Ad networks thumb nose at iPhone privacy settings

Apple's tightened iPhone and iPad security meant advertisers had to seek alternative ways of targeting users with in-app ads. In a cat-and-mouse game, advertisers are succeeding.
Written by Zack Whittaker, Contributor on

Mobile advertising networks are using new methods to target iPhone and iPad users by 'bypassing' Apple's earlier efforts to prevent user tracking, reports the Wall Street Journal.

Apple has begun to bar app makers from using users' unique device identifiers, or UDIDs, to track them. The technology giant then rejected applications from the App Store that attempted --- and successfully --- to access the data. Advertisers complained because it enables them to target their ads more effectively.

Then they sought alternative methods. It looks like they succeeded.

According to the report, one alternative is the iPhone's unique wireless networking code --- the Open Device Identification Number, or ODIN. Another method, OpenUDID, is also being used to collect information on users as they move across applications.

In a cat-and-mouse game, Apple keeps patching the cracks as and when they appear. But advertisers keep finding 'workarounds'.

Apple did not respond for comment at the time of writing.

It falls down to one simple thing: advertisers need user data to work out what customers want to see --- though, that itself is questionable --- and deliver seemingly the most relevant ads. Though not all users will tap the ads, a good proportion will. Each time an ad is tapped, revenue is generated for the advertiser and their client.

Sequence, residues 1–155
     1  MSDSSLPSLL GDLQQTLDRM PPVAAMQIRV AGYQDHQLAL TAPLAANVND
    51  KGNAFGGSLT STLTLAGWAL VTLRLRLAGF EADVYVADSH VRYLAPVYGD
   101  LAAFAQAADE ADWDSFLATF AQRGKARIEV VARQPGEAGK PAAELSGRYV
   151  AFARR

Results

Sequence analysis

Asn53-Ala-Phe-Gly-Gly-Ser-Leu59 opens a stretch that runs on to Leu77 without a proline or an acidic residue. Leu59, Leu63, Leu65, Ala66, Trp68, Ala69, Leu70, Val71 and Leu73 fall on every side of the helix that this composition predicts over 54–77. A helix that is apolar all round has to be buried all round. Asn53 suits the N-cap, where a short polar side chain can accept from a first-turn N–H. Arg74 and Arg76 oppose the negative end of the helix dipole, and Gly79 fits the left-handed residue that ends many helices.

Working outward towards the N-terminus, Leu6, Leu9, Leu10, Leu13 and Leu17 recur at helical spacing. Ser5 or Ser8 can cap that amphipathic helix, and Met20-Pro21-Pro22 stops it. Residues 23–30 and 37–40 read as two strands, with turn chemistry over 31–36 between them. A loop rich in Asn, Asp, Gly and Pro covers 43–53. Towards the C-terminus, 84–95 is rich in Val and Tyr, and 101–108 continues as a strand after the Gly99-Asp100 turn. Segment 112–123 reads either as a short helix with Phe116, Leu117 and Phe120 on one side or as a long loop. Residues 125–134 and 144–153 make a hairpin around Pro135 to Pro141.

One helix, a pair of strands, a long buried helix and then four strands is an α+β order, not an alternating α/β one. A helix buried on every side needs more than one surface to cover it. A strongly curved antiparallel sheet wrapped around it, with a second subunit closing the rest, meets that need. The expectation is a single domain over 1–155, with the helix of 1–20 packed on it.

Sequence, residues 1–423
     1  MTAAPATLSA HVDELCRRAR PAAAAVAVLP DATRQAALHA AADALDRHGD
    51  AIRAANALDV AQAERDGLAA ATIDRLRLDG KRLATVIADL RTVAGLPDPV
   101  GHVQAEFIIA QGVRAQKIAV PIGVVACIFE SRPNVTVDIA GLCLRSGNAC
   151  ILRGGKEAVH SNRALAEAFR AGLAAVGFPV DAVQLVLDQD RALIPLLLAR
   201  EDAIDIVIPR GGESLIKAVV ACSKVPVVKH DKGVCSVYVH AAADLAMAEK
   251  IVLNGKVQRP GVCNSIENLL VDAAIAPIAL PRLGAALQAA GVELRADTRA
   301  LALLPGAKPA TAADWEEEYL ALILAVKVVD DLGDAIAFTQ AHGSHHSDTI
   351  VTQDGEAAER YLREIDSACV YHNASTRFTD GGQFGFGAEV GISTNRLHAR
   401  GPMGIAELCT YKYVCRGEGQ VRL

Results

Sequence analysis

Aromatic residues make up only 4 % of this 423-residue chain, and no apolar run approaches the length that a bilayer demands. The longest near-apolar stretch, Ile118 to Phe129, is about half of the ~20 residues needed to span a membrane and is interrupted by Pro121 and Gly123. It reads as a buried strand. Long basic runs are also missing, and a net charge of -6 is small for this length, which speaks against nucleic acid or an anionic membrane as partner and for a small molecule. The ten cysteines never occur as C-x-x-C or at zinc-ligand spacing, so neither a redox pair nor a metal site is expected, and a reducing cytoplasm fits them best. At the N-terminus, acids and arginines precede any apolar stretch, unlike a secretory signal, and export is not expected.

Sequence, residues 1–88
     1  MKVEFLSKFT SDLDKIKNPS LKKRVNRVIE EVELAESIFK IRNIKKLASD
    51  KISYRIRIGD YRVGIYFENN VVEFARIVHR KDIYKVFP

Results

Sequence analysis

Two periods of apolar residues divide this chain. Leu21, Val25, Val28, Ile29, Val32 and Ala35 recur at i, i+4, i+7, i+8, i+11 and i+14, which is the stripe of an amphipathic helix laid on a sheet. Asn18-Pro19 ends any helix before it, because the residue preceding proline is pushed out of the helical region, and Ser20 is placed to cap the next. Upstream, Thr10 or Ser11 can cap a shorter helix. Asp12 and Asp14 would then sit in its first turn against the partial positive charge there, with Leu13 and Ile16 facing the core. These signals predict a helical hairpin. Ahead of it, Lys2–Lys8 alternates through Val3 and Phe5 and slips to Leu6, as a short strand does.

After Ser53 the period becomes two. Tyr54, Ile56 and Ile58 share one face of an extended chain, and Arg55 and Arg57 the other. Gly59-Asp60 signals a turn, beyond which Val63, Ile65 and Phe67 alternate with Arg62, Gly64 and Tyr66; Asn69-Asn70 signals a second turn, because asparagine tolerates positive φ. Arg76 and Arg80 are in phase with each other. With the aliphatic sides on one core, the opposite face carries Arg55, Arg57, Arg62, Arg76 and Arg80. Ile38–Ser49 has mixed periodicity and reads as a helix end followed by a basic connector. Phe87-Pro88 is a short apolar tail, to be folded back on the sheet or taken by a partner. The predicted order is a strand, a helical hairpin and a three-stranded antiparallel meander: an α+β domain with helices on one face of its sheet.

Advertisers are arguing they will lose "millions of dollars a week in revenue" unless they acquire the data they need. But this at the expense of effectively sneaking around Apple's own software? No, thanks. In respect to user privacy, any average Joe or Jane in the street will tell you that sounds sketchy at the very least.

Advertisers are desperate to keep the attention of its clientele --- an odd but fitting word for users who would likely rather never be on the viewing end of another advert in their lives. In doing so, their attempts to bypass the security and privacy settings in iOS are being patched by Apple each time a crack in the wall appears.

Image credit: CNET.


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